How far can the driver of a down-firing sub be from the floor?
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 8th May 2007, 08:49 PM #1 The Paulinator   diyAudio Member   Join Date: Jan 2002 Location: Spfld, OR How far can the driver of a down-firing sub be from the floor? Just far enough that it doesn't hit the floor? Or are there some issues with air flow if you get too close?
 9th May 2007, 12:09 AM #2 moray james   diyAudio Member   Join Date: Aug 2003 Location: Calgary on the Bow As a minimum... take the Sd of the driver and adjust the open space under the driver all the way around and match that to equal the driver's Sd. More open space is fine less will choke the driver. __________________ moray james
 9th May 2007, 06:59 AM #3 The Paulinator   diyAudio Member   Join Date: Jan 2002 Location: Spfld, OR I don't quite follow you... the SD of the driver is 506 sq. cm., are you talking about measuring the cu. cm. so that I have enough open cubic centimeters under the driver to allow for all the air it can push? I was hoping to put the Parts Express cone spikes with the little disks for a hardwood floor on it, and they would keep the driver about 1.75 inches from the floor. I guess I just don't quite follow you.
 9th May 2007, 07:17 AM #4 moray james   diyAudio Member   Join Date: Aug 2003 Location: Calgary on the Bow lets say... that your driver has an Sd of40 sq in. that means that if your box was 10 inches square you would have to lift it off the floor one inch for a total of ten sq inches per side. This would be a reasonable minimum distance. __________________ moray james
 9th May 2007, 06:27 PM #5 ggunnell   diyAudio Member   Join Date: Jan 2007 To get really picky, assuming your driver is mounted externally, the edge of the surround is usually the closest thing to the floor, and that's where the flow 'choke point' occurs. And you have to allow for the surround to extend during max cone excursion Let's work one out with some generic numbers for a 12" woofer. Lets say the diameter from one peak of the surround roll to the other is 10.5", and approximate Sd as (10.5 / 2) squared x 3.14 = 86.6 square inches. So you need a minimum of 86.6 square inches in the 10.5" diameter 'ring' between the surround and the floor, a ring that has a circumference of 10.5 x 3.14 = 40 inches. 86.6 / 40 = 2.16 inches minimum distance between the surround and the floor -- at rest. But you need to add in something for when the surround is extended outward -- use 1/2 one-way Xmax as an approximation, we'll use 0.5", so 2.16 + 0.5 = 2.65 inches. And that's from the surround, which may extend (at rest) 0.5" or more from the face of the cabinet. let's say 0.75" for a big roll 12", so 2.65 + 0.75 = 3.4" between the bottom of the cabinet and the floor.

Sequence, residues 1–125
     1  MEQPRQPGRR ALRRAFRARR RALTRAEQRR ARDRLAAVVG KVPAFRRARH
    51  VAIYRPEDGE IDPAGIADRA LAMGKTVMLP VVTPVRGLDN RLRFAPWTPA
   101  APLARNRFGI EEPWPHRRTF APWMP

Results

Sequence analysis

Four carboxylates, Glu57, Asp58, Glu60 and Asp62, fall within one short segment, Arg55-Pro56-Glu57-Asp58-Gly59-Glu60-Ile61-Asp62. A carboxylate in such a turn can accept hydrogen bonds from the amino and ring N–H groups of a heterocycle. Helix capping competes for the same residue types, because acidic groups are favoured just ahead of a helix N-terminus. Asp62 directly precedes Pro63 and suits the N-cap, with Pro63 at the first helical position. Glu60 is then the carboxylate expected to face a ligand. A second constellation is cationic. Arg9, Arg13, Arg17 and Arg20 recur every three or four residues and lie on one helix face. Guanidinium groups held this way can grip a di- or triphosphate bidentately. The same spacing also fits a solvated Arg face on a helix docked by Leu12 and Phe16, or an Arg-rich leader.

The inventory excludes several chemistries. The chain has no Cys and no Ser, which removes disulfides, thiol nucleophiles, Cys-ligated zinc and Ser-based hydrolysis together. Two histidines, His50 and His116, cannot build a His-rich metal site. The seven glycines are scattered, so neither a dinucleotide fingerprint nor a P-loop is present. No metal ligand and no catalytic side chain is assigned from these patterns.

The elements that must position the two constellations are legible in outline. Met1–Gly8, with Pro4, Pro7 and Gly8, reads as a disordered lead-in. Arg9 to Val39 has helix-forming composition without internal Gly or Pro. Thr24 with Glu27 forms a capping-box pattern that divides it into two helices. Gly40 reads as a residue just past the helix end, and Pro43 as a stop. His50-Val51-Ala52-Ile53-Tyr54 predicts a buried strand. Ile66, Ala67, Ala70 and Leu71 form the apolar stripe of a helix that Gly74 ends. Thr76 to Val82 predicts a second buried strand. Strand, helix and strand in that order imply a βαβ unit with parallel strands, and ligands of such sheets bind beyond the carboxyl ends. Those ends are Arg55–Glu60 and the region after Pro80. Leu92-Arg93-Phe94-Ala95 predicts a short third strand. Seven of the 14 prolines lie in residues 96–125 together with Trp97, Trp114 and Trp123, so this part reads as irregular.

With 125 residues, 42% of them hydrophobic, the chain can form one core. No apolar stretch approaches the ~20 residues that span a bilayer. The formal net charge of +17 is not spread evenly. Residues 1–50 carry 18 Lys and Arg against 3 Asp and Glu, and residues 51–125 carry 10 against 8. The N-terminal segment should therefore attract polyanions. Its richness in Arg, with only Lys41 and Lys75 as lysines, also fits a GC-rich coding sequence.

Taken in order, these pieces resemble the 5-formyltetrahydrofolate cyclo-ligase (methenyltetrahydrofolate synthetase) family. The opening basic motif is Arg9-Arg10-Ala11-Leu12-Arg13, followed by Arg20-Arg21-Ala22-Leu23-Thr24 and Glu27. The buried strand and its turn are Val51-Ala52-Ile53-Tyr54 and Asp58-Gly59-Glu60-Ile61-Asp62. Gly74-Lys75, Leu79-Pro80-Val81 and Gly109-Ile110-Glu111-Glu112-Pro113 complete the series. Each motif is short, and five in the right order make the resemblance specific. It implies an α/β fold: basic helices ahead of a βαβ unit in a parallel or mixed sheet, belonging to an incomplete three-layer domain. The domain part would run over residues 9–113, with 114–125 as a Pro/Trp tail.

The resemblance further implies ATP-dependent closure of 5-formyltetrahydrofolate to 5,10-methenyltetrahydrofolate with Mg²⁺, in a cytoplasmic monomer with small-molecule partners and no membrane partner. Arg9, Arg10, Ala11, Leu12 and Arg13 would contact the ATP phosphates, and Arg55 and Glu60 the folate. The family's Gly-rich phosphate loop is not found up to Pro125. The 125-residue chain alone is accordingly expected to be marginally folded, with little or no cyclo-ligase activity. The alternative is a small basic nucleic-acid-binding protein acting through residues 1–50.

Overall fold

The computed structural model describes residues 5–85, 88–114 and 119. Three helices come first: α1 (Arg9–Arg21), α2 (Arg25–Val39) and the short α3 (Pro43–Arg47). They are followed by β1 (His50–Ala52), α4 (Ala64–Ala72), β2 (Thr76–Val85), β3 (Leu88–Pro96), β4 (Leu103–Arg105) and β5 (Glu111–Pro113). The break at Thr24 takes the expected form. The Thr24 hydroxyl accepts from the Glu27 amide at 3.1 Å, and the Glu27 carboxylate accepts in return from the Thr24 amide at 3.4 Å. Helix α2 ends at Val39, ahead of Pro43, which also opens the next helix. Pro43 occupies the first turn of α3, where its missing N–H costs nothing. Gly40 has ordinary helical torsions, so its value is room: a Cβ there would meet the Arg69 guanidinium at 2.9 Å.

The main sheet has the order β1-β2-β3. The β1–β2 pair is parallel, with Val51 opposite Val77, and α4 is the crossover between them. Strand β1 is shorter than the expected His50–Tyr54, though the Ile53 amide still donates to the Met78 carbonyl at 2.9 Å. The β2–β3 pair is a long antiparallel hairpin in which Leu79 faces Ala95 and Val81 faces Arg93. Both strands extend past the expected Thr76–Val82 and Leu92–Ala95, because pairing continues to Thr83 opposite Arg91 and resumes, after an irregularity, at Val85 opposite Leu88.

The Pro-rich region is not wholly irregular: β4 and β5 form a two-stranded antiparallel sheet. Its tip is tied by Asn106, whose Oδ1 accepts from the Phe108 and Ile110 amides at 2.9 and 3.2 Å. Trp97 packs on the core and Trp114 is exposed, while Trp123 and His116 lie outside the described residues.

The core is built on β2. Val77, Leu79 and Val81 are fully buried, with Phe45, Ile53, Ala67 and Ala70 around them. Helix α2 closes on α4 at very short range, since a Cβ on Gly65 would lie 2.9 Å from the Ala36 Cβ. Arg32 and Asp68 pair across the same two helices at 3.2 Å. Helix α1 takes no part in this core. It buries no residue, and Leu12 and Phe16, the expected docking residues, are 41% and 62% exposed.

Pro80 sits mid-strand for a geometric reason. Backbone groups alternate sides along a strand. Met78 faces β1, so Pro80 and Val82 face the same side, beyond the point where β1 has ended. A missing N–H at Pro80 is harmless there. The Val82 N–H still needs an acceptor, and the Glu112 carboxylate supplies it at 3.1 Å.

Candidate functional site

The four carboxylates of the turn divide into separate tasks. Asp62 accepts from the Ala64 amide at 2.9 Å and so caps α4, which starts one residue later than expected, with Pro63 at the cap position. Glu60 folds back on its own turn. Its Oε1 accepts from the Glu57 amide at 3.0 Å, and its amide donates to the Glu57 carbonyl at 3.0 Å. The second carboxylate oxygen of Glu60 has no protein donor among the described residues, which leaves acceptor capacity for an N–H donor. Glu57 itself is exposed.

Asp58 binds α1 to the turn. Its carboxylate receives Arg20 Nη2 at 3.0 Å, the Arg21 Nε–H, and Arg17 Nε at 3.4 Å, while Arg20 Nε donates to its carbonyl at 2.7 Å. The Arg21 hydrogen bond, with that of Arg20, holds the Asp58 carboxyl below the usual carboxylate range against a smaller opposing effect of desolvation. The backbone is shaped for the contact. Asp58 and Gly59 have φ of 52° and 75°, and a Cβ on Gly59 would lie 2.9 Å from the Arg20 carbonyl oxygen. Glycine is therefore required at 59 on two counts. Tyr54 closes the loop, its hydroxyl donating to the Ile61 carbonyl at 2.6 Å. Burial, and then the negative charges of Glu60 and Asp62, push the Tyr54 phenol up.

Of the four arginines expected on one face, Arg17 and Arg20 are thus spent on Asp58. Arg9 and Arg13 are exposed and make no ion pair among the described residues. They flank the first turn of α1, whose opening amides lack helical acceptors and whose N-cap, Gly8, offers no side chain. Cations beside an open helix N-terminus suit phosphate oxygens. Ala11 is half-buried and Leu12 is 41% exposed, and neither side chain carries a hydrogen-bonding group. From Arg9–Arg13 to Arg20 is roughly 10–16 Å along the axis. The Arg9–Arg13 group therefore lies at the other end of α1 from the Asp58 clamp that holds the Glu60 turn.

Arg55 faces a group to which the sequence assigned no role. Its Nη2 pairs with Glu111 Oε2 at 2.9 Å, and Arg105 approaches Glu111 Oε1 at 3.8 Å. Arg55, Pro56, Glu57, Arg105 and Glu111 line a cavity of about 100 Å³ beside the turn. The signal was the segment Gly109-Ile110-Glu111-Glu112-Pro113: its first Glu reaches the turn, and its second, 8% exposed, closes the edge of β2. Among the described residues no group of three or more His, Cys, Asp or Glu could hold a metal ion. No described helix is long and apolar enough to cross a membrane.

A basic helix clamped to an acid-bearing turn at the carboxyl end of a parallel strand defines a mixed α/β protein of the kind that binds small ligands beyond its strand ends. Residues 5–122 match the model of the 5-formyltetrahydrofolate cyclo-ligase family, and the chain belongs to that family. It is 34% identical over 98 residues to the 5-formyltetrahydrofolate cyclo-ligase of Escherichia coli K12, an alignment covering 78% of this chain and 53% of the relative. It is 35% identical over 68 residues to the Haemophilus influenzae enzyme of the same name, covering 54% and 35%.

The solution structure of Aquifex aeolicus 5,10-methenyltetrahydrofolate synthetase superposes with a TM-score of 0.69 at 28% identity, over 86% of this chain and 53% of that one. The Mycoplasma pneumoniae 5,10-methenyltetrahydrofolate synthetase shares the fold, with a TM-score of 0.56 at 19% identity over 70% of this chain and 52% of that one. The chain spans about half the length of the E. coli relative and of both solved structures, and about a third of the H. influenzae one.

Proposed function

jan.didden
diyAudio Member

Join Date: May 2002
Location: The great city of Turnhout, BE
Re: lets say...

Quote:
 Originally posted by moray james that your driver has an Sd of40 sq in. that means that if your box was 10 inches square you would have to lift it off the floor one inch for a total of ten sq inches per side. This would be a reasonable minimum distance.

Moray,

Is there no issue with standing waves or resonance in the 'pipe' formed by the relatively narrow opening to the outside world?

Jan Didden
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 9th May 2007, 08:08 PM #7 theAnonymous1   diyAudio Member     Join Date: Feb 2004 Location: Anonymityville Some sub designs purposely limit this space; A.K.A "slot loading". It has the benefit of lowering Fs at the cost of efficiency and standing waves. The Acoustic Research ARS115PS is a cheap example of this. It has the driver and port firing down and out a slot on each side of the box. Sounds like c**p.
 9th May 2007, 08:13 PM #8 FastEddy   diyAudio Member     Join Date: Jun 2006 Location: North Californie ... of course if you get the gap 'tween floor and woofer small enough, the whole box can be floated up on the acoustic wave ... just like those big machine shop tools that are moved around on air pressure ... I believe there was a thread about someone in Europe complaining about their woofer box "jumping up" off the floor under certain conditions = gap too small ... __________________ Over compression is a problem with modern CD recordings [recent changes]
 10th May 2007, 12:40 AM #9 moray james   diyAudio Member   Join Date: Aug 2003 Location: Calgary on the Bow Hey Jan... at the frequencies involved here I don't imaagine that there would be much of an issue but one can experiment easily listening at different levels to see what they prefer. The hight suggested was for a reasonably safe minimum as it sounded as it the owner wanted to keep a low profile. Personally I would not fire a dynamic woofer up or down as without a DC centering bias the cone is going to sag in time that is unless we are talking HT and auto drivers with massive suspensions. __________________ moray james
 16th May 2007, 07:19 PM #10 Cal Weldon   Speakerholic diyAudio Moderator     Join Date: Jan 2004 Location: Near Vancouver ggunnell, I like your explanation. Except the last line where you have added the extra surround extension. Should that not be 2.91"? You added the .5" to the .75" __________________ planet10 needs your help: Let's help Ruth and Dave

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